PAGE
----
Again this differs with each client.  What is consistent is the number of shots I show in the final gallery-this is around 200.  In my experience, when taking 1000 frames and showing all 1000 it becomes overwhelming and very difficult to cut down.  There’s just no way that all 1000 images are keepers.  I shoot until I feel we have at least 200 awesome shots, sometimes this is after 250 frames and sometimes after 1000.  It just depends on the comfort of the singer.  Then, with the aid of their trusted team of advisors, i.e. their teacher, manager, mom, boyfriend, grandma, wife, etc., the singer narrows that 250 down to their favorite 20 or so and we go from there.

How many different looks (clothing choices) do you recommend?

It’s definitely better to bring too many options than to arrive at the shoot with too little.  I usually suggest bringing at least 5 options and we do at least 3 looks, usually more.

Can you provide any guidance on how singers should select their wardrobe for headshots? What works well, what doesn’t work well?

For women and men I love colors that flatter you and bring out your eyes, lush looking fabrics (not wrinkly knits), clothing that makes you feel fabulous and gorgeous.  It’s so important to feel like your best self for our shoot.

I usually recommend that singers bring their audition clothes-these are often very nice, classic styles that look expensive (they often are, right?) If you want to do full body shots (which more and more companies are requesting these days) think about shoes, etc.  Don’t forget to bring the proper undergarments to your shoot-almost anything can be altered in Photoshop, but great undergarments can make you feel  more toned which will thus create a feeling of  confidence and comfort which equals great shots (like how I delicately referenced SPANX without actually saying the word?).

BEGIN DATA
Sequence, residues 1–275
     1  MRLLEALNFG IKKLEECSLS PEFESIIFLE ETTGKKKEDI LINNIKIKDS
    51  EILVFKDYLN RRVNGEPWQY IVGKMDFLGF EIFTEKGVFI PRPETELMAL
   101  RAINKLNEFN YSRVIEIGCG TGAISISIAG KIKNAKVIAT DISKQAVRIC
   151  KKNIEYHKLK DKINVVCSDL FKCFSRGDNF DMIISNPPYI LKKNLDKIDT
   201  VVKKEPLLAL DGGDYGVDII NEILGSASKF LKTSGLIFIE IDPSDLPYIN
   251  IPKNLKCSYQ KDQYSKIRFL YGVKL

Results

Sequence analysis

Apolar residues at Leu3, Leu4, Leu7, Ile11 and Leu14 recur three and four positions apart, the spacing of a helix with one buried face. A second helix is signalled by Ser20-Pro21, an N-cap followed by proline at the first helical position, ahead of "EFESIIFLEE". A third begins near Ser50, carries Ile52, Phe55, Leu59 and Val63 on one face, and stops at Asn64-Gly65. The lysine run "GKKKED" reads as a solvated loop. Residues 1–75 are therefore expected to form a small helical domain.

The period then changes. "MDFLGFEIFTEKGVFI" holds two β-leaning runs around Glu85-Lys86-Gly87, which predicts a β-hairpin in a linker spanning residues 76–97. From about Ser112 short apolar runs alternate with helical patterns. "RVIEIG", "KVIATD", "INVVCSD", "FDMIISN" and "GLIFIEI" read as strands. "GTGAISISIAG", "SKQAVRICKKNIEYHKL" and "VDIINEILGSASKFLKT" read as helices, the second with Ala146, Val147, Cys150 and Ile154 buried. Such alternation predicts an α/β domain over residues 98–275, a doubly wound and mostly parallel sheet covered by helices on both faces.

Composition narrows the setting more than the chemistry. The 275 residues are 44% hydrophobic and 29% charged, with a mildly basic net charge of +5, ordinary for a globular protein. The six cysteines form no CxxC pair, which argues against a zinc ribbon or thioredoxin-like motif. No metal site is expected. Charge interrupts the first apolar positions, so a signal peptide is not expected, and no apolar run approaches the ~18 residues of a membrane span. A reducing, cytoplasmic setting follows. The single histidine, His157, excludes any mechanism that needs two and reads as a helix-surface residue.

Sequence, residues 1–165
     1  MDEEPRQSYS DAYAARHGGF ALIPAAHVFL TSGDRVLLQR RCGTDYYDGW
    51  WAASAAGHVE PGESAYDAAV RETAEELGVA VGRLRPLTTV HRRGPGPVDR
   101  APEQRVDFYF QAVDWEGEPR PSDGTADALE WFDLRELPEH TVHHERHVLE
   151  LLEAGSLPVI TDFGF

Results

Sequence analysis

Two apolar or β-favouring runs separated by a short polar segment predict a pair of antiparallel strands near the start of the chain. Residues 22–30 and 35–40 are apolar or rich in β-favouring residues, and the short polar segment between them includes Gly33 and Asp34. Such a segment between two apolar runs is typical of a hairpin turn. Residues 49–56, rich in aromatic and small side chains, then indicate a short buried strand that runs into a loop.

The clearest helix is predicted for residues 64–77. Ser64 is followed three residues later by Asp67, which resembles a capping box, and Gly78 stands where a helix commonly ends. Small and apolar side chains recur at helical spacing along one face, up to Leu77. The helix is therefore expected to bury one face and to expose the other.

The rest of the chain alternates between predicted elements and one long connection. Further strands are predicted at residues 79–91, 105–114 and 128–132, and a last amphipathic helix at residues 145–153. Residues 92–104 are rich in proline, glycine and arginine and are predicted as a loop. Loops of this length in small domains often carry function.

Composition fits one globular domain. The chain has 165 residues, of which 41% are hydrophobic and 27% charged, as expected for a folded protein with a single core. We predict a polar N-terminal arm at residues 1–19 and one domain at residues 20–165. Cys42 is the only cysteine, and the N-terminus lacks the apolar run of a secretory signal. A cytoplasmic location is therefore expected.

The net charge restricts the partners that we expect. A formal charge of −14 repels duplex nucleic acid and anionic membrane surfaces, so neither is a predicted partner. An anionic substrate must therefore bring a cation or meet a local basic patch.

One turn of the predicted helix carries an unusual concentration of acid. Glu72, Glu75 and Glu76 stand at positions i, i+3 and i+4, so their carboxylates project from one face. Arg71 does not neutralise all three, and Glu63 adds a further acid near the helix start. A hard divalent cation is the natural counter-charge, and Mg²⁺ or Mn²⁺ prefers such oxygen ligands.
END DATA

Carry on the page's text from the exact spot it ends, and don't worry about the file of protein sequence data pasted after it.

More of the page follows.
Things that look bad:  Wrinkly clothing (some things an iron just cannot fix and frankly, you don’t want to be thinking about wrinkles during your shoot-you want to be thinking about how gorgeous you feel). Loud or trendy patterns (the shots are about you not the print).

Strapless dresses/tops don’t look good in a headshot, you’ll look naked.  But a strapless gown can make for a beautiful full body shot.  Cowl necks are the same way-bad in a headshot (they look frumpy), but can be lovely in a wider shot.  There are exceptions to everything, I suppose…

Most importantly, choose clothing that you love-that makes you feel like your best self.  Clothing that represents you.  Ten years ago guys were all wearing tuxes in their publicity shots but we are so far from that now.  Now the trend is less formal, I’m seeing a lot of striped button-down shirts with leather jackets for men and cute cocktail dresses for women.  And a lot of shots in jeans.

How about tips on hair and makeup (for both men and women)?

The best advice I can give about hair and makeup is to trust your instincts and know what you like.  Are you a person who likes when other people do your hair and makeup?  Then you will love having a pro do it for your shoot.  Do you usually find that you prefer how you do your own hair after you have it cut?  Or you like how you do your own makeup, that the pros just don’t ‘get’ you?  Then don’t spend the extra money (my makeup artist friends want to kill me now-ha!).

I don’t usually like the look of makeup on men.  I think it’s obviously makeup and I’m happier just doing a little bit of digital editing magic.  But go with your instinct, guys.  If you feel more secure having a professional judiciously apply a bit of concealer I completely support that decision.  Please do not apply your own foundation before your shoot.  It never looks right.

Also, remember to speak up, singers!  If, during your shoot, you don’t like how your hair or makeup is looking PLEASE let your photographer and makeup artist know.  It is your time, your photographer is your employee for that time, and your shots must reflect your best self.  If you like more eyeliner let your makeup artist know, if you like bigger hair, tell us.  We will not judge, I promise.  We just want you to be happy with your shots.  The more fabulous you feel about your look the better your shots will be.  

What is your feeling about indoor/studio versus outdoor shooting?